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On 16/05/2021 at 10:59, Zomboid said:

I've occasionally wondered if you could fudge a transition curve using set track by going 4th - 3rd - 2nd radius in series.

 

Peco's 00 gauge Setrack range includes the 11.25° ST238 "special curve" which has a radius of 859.6mm (a tad under 3ft), which could be used as the first element of a Setrack "transition curve".  (AFAICS it's basically there to complement the Setrack Y point, allowing the cliched "single track splitting symmetrically around an island platform" - which reeks of 'train set' - to be constructed.)

 

Hornby's equivalent is the 852mm radius R628.

Edited by ejstubbs
Unfortunate typo
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1 hour ago, Dungrange said:

 

I'd change the 'will' to 'may'.  Yes, there is a risk that you may have problems with the reverse curve shown (particularly if you are snaking through the tracks), but it's very much stock dependent and you have reverse curves in all crossovers (as we all do).  You refer to the curved road of the turnout being 490 mm radius, which is greater than the second radius (438 mm) employed in the set track geometry and this works in many train sets.  I think 490 mm is about third radius.  The stock that you're referring to is also not likely to be as problematic as larger stock, since the wheelbase is shorter, the overhang less and end throw is also likely to be less than some other items of stock.

 

My only advice is to test your particular track and stock combination before you commit too heavily to the plan.  You're not going to get a definitive answer any other way, as it's the combination of track, stock dimensions, as well as buffer size and position and couplings (type and spacing) that will define whether or not you actually have a problem.  My gut feeling is that you'll probably be okay, but if you could incorporate a short straight between the toes of the turnouts, then I would probably look at doing so.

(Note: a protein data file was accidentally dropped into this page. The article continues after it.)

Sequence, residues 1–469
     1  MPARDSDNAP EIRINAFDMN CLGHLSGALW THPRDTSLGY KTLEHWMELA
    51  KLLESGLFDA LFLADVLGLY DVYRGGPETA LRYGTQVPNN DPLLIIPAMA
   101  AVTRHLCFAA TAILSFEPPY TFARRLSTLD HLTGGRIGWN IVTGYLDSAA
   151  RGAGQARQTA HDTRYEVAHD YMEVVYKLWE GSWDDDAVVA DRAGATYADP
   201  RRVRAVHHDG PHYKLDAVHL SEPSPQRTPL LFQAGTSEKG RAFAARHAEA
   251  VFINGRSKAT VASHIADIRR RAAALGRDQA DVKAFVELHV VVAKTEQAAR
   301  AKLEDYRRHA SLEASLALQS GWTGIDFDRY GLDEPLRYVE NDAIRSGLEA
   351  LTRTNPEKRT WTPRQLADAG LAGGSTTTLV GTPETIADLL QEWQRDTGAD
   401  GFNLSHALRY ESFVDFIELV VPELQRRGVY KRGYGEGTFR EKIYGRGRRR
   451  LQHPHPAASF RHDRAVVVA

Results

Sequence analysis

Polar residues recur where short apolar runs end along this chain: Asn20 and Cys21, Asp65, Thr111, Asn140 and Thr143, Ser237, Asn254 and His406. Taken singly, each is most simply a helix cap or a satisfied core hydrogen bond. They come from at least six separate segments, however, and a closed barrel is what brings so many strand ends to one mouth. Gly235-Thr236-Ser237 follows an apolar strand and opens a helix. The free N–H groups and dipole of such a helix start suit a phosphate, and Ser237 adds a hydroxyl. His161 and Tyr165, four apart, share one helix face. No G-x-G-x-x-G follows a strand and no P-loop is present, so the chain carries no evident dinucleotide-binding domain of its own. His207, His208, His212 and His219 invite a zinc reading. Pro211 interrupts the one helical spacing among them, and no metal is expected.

Thanks for the advice, I read through the posts again and checked the turnout finding there is a 20mm straight section between the end of the point blades and the end. that gives 40mm of straight built in and I think I can add an additional 60mm section giving 100mm. All the stock will have medium Hornby tension locks fitted. I actually like the 'train set' appearance :wacko:

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5 hours ago, wasdavetheroad said:

Confused with this reverse curve problem. This is part of a layout I am designing which uses Kato HO scale 490mm radius turnouts in the fiddle yard. Am I right  that there will be problems with wagons/coaches traversing the section above the red 100mm ruler. The wagons will be mostly 4 wheel and the coaches Mk1's and Staniers

 

1294968419_KATOHO490rPOINTS.jpg.4d1f941d72d823c70a7b0a8a92656b7f.jpg

There will, add a short length of straight track between the points - it doesn't have to be very long 2 or 3 inches will help.

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When I built my layout (16.5 mm gauge) I put a 4 inch straight between opposing curves or roughly 2nd radius. This scheme was intended for small shunters and four-wheeled stock but has rather surprisingly worked out fine with most of my RTR locos and wagons up to about 8 inches long.

 

I have since discovered, if you intend to run a Rapido APT-E (tilting) the straight section must be as long as a coach. Otherwise the tilting mechanisms are trying to go in opposite directions at the same time. And bogie coaches having a close-to-scale ride height really do need a straight as long as themselves, even though they will negotiate the curves at each end without trouble.

 

- Richard.